Monday, May 11, 2009

Should a university be allowed to fail?

A very depressing discussion that is taking place about the problems at London Metropolitan University on the Times Higher website is prompting me to consider what failure might mean for a university. Would the government close down a university in the same way that, for example, a hospital might be closed? The problems at London Met are complex, and there is no doubt it is in serious crisis.

I studied the history of the Polytechnic of North London as part of my PhD thesis. PNL had a rather lively and brief existence before it was merged with London Guildhall (formerly City of London Poly) to form the rather unwieldy and troubled university that is now London Met. There are no doubt many lessons here to be learned about mergers and mission drift, but also more generally about the massification of HE (and the ways in which widening participation has been managed and funded), and university governance.

But I'm still wondering, at what point should mistakes and mismanagement become fatal?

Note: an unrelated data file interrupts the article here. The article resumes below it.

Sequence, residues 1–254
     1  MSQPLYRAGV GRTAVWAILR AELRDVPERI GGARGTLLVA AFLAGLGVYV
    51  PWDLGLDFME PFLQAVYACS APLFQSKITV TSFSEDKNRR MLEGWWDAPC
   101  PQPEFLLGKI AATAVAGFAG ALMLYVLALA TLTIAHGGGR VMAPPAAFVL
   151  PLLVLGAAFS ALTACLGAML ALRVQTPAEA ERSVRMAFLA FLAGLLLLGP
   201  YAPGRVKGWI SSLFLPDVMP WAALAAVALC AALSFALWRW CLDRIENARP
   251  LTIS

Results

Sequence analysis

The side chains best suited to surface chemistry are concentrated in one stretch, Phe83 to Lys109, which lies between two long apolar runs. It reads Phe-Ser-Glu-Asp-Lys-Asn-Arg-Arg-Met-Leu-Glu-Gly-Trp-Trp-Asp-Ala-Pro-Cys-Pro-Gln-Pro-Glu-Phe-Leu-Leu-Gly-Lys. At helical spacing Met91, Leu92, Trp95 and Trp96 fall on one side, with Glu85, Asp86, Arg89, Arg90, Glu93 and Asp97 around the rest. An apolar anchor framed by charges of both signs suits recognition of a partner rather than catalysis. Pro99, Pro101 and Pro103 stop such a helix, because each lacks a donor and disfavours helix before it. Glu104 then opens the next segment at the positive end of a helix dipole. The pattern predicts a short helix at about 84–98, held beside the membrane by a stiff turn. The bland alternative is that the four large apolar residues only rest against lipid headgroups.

Anonymous said...

I'm working in an Irish third level institution that will face the budgetary axe if the current mood runs its course. The escape route leads into a path of institutional collaboration with other third levels but as many inside the halls of academia know, there's often strong resistance in the executive suite at sharing assets--unless there's a strong financial incentive laid on by the government or European Community.

Ferdinand von Prondzynski said...

Interestingly, I have just commented on the same issue in my own blog. The trouble is, we have no idea really what constitutes a failed university, nor do we know what to do with one if we have it.

This is part of the wider problem that higher education is increasingly bedevilled by the contradictory expectations of the various stakeholders and the unsustainable approach to resourcing and funding.